New TV soundtrack is her most substantial work for 20 years
After the chaos of the last few weeks, it’s gratifying to finally come across some good news. While not entirely unexpected, the return of Elizabeth Fraser is certainly welcome in a year that has so far amassed more than its fair share of dismal tidings. As far back as 2012, Fraser confirmed that she had assembled an album’s worth of new material; but intriguingly her return to active service has taken a more unexpected form. In collaboration with her husband, Damon Reece, she had written the score for a new four-episode miniseries, The Nightmare Worlds Of H.G. Wells, which begins on Sky Arts on January 28. The score is Fraser’s most substantial work since the Cocteau Twins’ Milk And Kisses in 1996.
Fraser has spoken about her apparent reluctance to engage with music. In a rare interview with The Guardian in 2009, she spoke of her difficulties recalibrating after the break-up of the Cocteau Twins and her relationship with Robin Guthrie – “I’m swamped in feelings I can’t deny,” she told the Guardian in a rare interview in 2009. But reports of Fraser’s withdrawal from music have been greatly exaggerated. At this point, I’m reminded of the depiction of David Bowie as a JD Salinger-style recluse in the years between Reality and The Next Day – which seemed to ignore his busy workload of film and TV appearances, commercials or even a prolific and hands-on role curating a New York music and arts festival. Equally, Fraser has herself hardly been idle in the years since the Cocteau Twins’ split; but she has certainly chosen her projects meticulously.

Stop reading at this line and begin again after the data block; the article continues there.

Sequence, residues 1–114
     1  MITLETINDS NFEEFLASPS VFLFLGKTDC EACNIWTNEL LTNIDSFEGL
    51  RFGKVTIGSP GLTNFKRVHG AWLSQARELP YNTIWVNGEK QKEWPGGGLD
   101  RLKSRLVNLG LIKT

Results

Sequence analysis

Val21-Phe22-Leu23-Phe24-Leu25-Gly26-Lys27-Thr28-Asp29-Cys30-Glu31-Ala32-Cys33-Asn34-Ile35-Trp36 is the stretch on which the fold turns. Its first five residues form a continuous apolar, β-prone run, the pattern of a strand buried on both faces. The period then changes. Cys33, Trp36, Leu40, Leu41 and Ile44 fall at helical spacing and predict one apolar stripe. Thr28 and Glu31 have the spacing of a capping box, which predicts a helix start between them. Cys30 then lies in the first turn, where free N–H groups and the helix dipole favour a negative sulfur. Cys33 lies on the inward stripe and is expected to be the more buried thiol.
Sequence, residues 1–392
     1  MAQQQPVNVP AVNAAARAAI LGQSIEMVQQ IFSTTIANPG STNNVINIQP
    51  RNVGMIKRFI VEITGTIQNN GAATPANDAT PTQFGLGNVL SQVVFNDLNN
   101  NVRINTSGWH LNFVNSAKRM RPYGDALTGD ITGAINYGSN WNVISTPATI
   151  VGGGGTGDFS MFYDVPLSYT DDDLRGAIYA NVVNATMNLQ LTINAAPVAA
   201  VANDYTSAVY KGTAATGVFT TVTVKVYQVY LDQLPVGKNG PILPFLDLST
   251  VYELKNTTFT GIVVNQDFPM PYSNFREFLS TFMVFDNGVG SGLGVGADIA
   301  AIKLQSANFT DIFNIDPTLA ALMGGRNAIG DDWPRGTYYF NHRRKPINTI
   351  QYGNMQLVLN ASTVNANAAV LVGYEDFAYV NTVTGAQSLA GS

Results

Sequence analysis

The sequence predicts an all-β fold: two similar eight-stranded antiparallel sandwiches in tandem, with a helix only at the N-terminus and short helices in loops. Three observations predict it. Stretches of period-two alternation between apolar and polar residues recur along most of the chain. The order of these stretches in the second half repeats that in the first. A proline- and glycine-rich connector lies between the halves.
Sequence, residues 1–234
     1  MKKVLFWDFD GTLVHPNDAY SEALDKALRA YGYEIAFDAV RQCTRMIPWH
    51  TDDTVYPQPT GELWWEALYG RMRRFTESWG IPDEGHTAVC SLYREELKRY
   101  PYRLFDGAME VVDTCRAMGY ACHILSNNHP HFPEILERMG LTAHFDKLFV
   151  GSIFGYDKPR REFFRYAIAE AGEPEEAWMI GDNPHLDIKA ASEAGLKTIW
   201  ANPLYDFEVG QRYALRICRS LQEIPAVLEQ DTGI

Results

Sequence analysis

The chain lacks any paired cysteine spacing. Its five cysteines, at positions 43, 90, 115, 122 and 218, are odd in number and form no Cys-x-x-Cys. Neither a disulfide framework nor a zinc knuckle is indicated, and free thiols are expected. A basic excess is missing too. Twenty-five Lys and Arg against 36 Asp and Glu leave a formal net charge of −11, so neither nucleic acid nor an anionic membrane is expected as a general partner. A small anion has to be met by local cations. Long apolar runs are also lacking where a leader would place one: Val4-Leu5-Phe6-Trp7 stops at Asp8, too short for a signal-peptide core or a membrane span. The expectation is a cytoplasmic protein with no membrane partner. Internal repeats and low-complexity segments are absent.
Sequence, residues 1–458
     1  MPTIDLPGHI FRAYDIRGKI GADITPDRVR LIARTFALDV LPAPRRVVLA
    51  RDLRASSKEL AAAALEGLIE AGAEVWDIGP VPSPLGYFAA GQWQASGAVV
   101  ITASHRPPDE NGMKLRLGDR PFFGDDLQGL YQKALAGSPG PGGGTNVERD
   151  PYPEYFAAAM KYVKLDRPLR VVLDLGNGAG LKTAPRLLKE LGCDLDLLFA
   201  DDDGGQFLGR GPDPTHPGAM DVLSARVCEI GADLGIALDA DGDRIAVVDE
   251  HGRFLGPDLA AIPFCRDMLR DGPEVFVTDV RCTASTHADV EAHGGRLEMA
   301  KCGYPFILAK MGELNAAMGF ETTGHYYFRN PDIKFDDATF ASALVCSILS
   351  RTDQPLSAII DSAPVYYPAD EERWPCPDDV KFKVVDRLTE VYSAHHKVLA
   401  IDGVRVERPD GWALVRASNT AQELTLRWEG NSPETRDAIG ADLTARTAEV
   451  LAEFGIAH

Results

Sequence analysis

Outside the Cocteau Twins, Fraser has become best known for her collaborations – the most successful, “Teardrop” with Massive Attack, was a Top 10 UK single. She also worked with Ian McCulloch, Future Sound Of London, Craig Armstrong (their track, “This Love”, is excellent), Michael Kamen, Peter Gabriel and Breton musician Yann Tierson. There have even been two singles: “Underwater” in 2000 and “Moses” in 2009.
On a larger scale, she added a touch of elfin magic to Howard Shore’s Lord Of The Rings scores, filling a role pitched somewhere between Enya and Annie Lennox. Yet the image persists of Fraser as an elusive and enigmatic presence – perhaps like Lorelei, Donimo or one of the other mysterious, illusory characters on the Cocteau’s album, Treasure. When Fraser took the stage for the first of two performances at London’s Meltdown festival in 2012, the cry that elicited the biggest cheer from the crowd was simply, “Where have you been?”
All the same, soundtracks seem to suit Fraser’s temperament. She can fulfill her creative impulses, but is subsumed within a bigger project; she is not required to step into the spotlight and perform – an aspect of being in a band she admitted she struggled with. Listening to part of the soundtrack in the trailer for the series below, it’s easy to see – perhaps erroneously – parallels between Fraser’s return to active service with The Nightmare Worlds Of H.G. Wells and Bowie’s decision to give a segment of “★” to another Sky original drama, The Last Panthers. Quite where Fraser’s return will go is anyone’s guess at this point – will there be a soundtrack album? or is this unrelated to the material she has amassed previously? – the fact that she’s making music again, and crucially allowing us to hear it, is simply enough for now.
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